# Homework Help: Proof~Spivak Calculus: Problem 1.21

1. Feb 9, 2012

1. The problem statement, all variables and given/known data

3. The attempt at a solution

I am a little stuck here. I was thinking of using the fact that if a<b and c<d then a+c<b+d to write:

|x-x0| + |y-y0| < ε / (2|y0|+1) + ε / (2|x0|+1) and then use the constraint |x-x0|<1 after,

but I am not sure how fruitful that would be....I first have to get at the heart of his "hint" in that I must relate xy-x0y0 to |x-x0| & |y-y0| first.....

Any thoughts?

2. Feb 9, 2012

### LCKurtz

Try subtracting and adding $xy_0$ in the expression $|xy-x_0y_0|$.

3. Feb 9, 2012

$\begin{array}{c} |xy-x_0y_0| &=& |xy + xy_0 - xy_0-x_0y_0| \\ &=& |x(y-y_0) + y_0(x-x_0) \end{array}$

Hmmm .... not sure what to do with this?

4. Feb 9, 2012

### LCKurtz

What happens as $x$ gets as close to $x_0$ and $y$ to $y_0$ as the problem suggests? You have the triangle inequality to use...

5. Feb 10, 2012

I'm sorry LC, but where is this suggested? The problem statement only implies that $-1 < x-x_0 < 1$ and says nothing about $y-y_0$.

Last edited: Feb 10, 2012
6. Feb 10, 2012

### LCKurtz

Read the "IF" in the first line of inequalities in your copy of problem 21 that you posted.

7. Feb 10, 2012

Hi LC Again, I addressed this in the post above. All that is said is that $-1 < x-x_0 <1$

Moreover, nothing is said about $|y-y_0|$

8. Feb 10, 2012

### LCKurtz

Are we in some kind of time and space warp here? Read the first two lines of the problem 21 you copied. It gives you assumptions about both $|x-x_0|$ and $|y-y_0|$.

9. Feb 10, 2012

Apparently we are. I actually logged out just to check that we are looking at the same image.

Line 1: $|x-x_0| < \min\left(\frac{\epsilon}{2|y_0|+1},1\right) \Rightarrow |x-x_0| < 1 \qquad \wedge \qquad |x-x_0| < \frac{\epsilon}{2|y_0|+1}$

AND

$|y-y_0| < \frac{\epsilon}{2|x_0|+1}$.

You seem to saying that I can use the fact that "$x$ is close to $x_0$" to do something. I have not even gotten to what that something is yet because I am

reluctant to accept your assertion that "$x$ is close to $x_0$." Like I said, I am *reluctant* and need convincing. What is it that is written above that makes you think this? All we know is that x is within "1" or $\frac{\epsilon}{2|y_0|+1}$ of $x_0$.

To me, that does not imply "close." What if we take the case where |x-x0|< 1 and x=0.1. The fact that x0 is within 1 of x does not see very close to me?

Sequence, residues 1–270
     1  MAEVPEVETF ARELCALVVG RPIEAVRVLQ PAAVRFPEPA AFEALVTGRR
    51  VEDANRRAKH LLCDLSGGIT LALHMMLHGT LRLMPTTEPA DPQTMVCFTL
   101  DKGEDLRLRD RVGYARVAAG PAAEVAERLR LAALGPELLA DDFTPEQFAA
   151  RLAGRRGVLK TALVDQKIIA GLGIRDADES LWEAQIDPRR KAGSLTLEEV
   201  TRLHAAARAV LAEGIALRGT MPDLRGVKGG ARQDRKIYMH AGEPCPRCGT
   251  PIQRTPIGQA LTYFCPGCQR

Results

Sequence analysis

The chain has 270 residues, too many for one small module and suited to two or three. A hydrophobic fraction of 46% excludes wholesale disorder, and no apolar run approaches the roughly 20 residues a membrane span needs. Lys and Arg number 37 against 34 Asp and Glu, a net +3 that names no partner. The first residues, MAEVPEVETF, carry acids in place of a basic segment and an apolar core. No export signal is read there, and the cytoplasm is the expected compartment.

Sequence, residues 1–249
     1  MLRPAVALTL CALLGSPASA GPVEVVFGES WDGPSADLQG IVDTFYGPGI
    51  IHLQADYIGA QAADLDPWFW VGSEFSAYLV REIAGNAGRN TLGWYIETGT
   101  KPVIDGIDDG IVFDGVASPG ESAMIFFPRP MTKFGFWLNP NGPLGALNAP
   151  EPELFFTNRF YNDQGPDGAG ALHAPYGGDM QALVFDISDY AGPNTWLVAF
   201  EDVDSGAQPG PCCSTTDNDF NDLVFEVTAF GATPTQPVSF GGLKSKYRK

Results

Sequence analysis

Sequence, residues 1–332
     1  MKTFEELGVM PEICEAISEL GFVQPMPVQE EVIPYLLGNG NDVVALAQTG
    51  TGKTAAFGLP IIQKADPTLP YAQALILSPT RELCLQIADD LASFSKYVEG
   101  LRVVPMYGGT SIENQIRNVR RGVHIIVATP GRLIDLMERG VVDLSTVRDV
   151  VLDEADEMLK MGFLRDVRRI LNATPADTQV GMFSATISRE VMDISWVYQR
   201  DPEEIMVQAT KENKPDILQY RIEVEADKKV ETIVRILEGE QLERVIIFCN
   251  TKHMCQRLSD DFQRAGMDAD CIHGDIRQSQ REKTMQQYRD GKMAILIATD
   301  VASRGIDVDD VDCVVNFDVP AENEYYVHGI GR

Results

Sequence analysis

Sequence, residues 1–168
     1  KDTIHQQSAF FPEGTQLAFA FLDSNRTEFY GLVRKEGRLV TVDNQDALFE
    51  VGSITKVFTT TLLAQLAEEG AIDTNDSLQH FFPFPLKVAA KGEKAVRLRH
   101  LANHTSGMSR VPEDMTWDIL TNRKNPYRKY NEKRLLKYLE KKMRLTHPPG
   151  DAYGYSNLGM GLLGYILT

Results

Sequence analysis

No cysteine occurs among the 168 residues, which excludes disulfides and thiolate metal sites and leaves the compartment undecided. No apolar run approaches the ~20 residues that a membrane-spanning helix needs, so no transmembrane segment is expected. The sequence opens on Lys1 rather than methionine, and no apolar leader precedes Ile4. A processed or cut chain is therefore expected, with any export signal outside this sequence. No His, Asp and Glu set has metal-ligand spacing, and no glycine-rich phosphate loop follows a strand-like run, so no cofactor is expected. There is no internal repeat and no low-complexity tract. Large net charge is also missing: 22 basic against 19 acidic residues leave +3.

Maybe I am missing your point altogether. Can you be a little more explicit of what you are driving at?

Also: Thanks for your time and patience!

EDIT: ok. Wait a minute. Things are happening in my brain ...

I'll be back.

Edit 2: Yeah nope, nothing....I feel like batman in this right now :rofl:

Last edited: Feb 10, 2012
10. Feb 10, 2012

### LCKurtz

Have you used the triangle inequality on this yet? Remember what you are trying to do is make the left side < ε by overestimating it with something small. Do you see that getting $|x-x_0|$ and $|y-y_0|$ small will make it small if $x$ isn't too big? Can you keep the size of $x$ limited?

You are trying to get $x$ close enough to $x_0$ and $y$ close enough to $y_0$ to make $|xy-x_0y_0|<\epsilon$.

It is less than the minimum of those and if $\frac{\epsilon}{2|y_0|+1}$ is a tiny number less than 1 it will certainly be close. And if $\frac{\epsilon}{2|y_0|+1}> 1$ it will still be less than $\frac{\epsilon}{2|y_0|+1}$ .
After you use the triangle inequality suggested above, what happens if you put those overestimates in for $|x-x_0|$ and $|y-y_0|$?

11. Feb 10, 2012

Ok. So if I use the triangle inequality we have:

$|x(y-y_0) + y_o(x-x_0)| \le |x(y-y_0)| + |y_o(x-x_0)|$

which is bigger than the original expression. I don't know how that helps. Apparently I am too stupid for this subject.

12. Feb 10, 2012

### Broccoli21

You aren't too stupid. Just use what you know from the assumptions on that inequality that you just derived. The end goal is to chain together enough inequalities and get epsilon on the right side.

13. Feb 10, 2012

### LCKurtz

What did you start with that is equal to the left side that isn't in that equation? And you didn't answer the question in red above.

14. Feb 10, 2012

Hi LCKurtz I guess I might have been avoiding red question. I don't know what you mean "put in the overestimates." Do you mean to actually substitute $|x-x_0|$ with $\frac{\epsilon}{2|y_0|+1}$ ?

If so, I did not really know you could do that with inequalities. Is that what you meant though?

Here is what I have so far to summarize:

$$\begin{array}{c} |xy-x_0y_0| &=& |xy-x_0y_0 + xy_0 - xy_0| \qquad\qquad\qquad (1) \\ &=& |x(y-y0) + y_0(x-x_0)| \qquad\qquad\qquad (2) \\ &<& |x(y-y0)| + |y_0(x-x_0)| \qquad\qquad\qquad (3) \\ &<& \frac{|y_0|\epsilon(2|x_0|+1) + |x|\epsilon(2|y_0|+1)}{(2|y_0|+1)(2|x_0|+1)} \qquad(4) \end{array}$$

Edit OK. I see that I kind "substitute" them in by transitivity. Just had to convince myself. I added it in as line (4). It would seem that if I could prove that the RHS of (4) is less than $\epsilon$ I could finish. So now I need to see if:

$$\frac{|y_0|\epsilon(2|x_0|+1) + |x|\epsilon(2|y_0|+1)}{(2|y_0|+1)(2|x_0|+1)} \stackrel{?}{<} \epsilon \qquad\qquad(5)$$

Is this going in the right direction?

Last edited: Feb 10, 2012
15. Feb 10, 2012

### LCKurtz

You are getting the idea. Yes, the idea is to get it less than ε. But before you go from (3) to (4) write$$(3) \le |x||y-y_0| + |y_0||x-x_0|$$and then put in the overestimates and don't combine the fractions. Also, I didn't notice before but you have the parentheses in those denominators wrong. They are $2(|x_0|+1)$ and $2(|y_0|+1)$. Once you do that see if you can see why each fraction is less than $\epsilon/2$.

16. Feb 13, 2012

### LCKurtz

Where did you go Saladsamurai? Did you finish this? I'm curious what you did to finish.

17. Feb 13, 2012